Wondering about my opinion? I think that the congress was right to extend all of the tax cuts temporarily. So, even though I would consider myself a liberal, I am in favor of something that Republicans were willing to essentially shut down congress unless it was passed? Yes. Even though I absolutely believe that tax rates are too low, especially for the highest income brackets and that any sort of trickle-down economic theory is a complete joke, there is something to be said about not reducing the amount of money in all of the people’s pockets, and how much they were expecting to be putting in their pockets when it is unknown if the global economy is actually recovering.

There was also a key word in that previous statement. Temporarily. There were Republicans who wished to make these tax cuts permanent, but when they knew they didn’t have the votes, they didn’t put up much of a fight. That, in itself shows that for many this is mainly a political trumpet to toot and be heard. So, this issue will be revisited in two years. We know what the make-up of this next congress will be, but we don’t yet know how it will behave in two years. We don’t know how much power, if any, President Obama will be able to exert during an election year, or even if he will still be president the following year, in 2013. If the economy begins to show real progress and unemployment drops, I think a more reasonable debate will be able to be conducted.

Republicans threatened and some might say that Democrats folded, but there are couple of points with which I would like to conclude. After this bill passed, Don’t Ask, Don’t Tell was repealed, the nuclear treaty with Russia was approved, and the bill for 9/11 responders were approved as well. Would these have happened without this compromise? Also, by demanding that the tax cuts for the richest Americans continue, Republicans have ignored all of their rhetoric that was spewed about the national debt and fiscal responsibility and that it needed to be addressed immediately, for the sake of the children. This bill will increase the debt by almost a trillion dollars, and apparently those on the right were A-OK with that. They pleased their constituents (read: large campaign contributors), but many will now have to hope that their vote isn’t mentioned the next time they criticize a spending bill only because it is not fully paid for by cutting spending on something else. Republicans will also have to admit to themselves that they helped President Obama end the year with three large political victories.

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About Chris

I'm that guy from that place.
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15 Responses to Nothing is free in this market.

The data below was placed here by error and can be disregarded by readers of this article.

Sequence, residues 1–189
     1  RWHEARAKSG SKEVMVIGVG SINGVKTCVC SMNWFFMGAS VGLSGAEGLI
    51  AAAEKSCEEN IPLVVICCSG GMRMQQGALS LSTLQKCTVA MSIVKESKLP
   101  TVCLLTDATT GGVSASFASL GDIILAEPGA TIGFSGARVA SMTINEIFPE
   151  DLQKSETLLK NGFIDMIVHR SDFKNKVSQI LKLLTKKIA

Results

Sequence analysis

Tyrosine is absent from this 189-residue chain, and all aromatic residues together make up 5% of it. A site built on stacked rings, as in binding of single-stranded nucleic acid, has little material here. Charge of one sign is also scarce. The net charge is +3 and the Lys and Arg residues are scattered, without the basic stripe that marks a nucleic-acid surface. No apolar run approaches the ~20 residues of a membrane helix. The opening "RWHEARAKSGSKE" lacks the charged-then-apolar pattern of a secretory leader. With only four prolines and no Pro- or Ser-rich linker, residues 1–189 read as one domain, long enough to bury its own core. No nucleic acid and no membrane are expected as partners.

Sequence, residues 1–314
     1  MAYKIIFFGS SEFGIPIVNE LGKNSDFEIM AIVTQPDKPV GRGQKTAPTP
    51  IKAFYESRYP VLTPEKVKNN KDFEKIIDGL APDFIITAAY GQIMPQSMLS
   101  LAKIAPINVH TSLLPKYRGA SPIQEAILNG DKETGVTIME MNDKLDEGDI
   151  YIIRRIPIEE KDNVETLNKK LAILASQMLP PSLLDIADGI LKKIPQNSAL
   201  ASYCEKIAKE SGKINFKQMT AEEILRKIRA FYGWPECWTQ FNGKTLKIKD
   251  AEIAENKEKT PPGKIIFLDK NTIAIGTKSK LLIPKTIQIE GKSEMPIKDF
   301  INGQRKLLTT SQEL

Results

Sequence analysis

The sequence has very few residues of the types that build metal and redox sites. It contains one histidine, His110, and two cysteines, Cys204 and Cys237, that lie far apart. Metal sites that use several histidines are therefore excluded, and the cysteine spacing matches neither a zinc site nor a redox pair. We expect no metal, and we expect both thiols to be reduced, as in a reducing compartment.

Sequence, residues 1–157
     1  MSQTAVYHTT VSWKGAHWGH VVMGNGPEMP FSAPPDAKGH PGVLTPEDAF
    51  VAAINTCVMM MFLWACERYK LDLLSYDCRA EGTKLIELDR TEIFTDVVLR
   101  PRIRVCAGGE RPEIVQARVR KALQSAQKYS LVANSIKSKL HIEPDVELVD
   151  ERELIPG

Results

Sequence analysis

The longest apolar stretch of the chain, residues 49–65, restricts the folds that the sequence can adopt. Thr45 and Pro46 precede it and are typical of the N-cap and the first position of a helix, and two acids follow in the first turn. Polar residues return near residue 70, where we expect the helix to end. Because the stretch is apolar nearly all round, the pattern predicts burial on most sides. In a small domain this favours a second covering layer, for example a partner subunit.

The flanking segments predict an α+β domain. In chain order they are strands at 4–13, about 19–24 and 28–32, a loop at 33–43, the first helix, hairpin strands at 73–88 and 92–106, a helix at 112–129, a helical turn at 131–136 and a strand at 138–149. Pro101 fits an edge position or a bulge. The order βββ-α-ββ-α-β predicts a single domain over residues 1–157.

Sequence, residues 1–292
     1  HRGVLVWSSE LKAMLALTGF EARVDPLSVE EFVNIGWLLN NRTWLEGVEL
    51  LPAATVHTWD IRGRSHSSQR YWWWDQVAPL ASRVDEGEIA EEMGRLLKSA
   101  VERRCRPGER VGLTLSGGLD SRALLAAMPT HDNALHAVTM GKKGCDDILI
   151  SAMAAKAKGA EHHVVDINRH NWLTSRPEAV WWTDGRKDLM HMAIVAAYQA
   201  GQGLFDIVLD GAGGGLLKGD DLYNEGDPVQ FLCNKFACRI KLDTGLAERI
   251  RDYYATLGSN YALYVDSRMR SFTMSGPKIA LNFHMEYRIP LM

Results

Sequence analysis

1. Clarence says:

    Chris:

    I don’t totally disagree with all y our arguments in this post -though I will say the post seemed to morph from a criticism of the simple case of market economics to a happy summation of all the “accomplishments” of the Obama administration of late. But I’m going to mention a few complicating factors here, possibly for you to be prepared for should you see them in the future.

    First: Right now, economics is not a science. This is because it can’t make testable and repeatable predictions about the vast majority of phenomena that people and countries deal with concerning money. At it’s heart, economics is about the psychology of human trading and no one…NO ONE..fully understands human psychology on either a group or individual level yet.

    Two : There’s quite a huge misunderstanding among those on the left that there might be different conditions for different sized businesses. Normally, businesses are divided among the small, the medium, and the large , and while the definitions will vary somewhat as to number of employees, gross revenue, etc one basic thing about them is this: their scopes of operation tend to vary a lot.

    Small business: Tend to be physically located only in one to three locations within a single state. Have little or no out of state presence , and if they do, it tends to be web-based. If there are any government contracts, said contract tends to be the single most important reason for the companies survival or failure. In short, limited or no government contact/political clout, limited or no out of state or out of country presence. If they have ANY economic clout (which is synonymous with political clout in our country) it’s usually limited to a town or city level government. Many have no economic clout at all.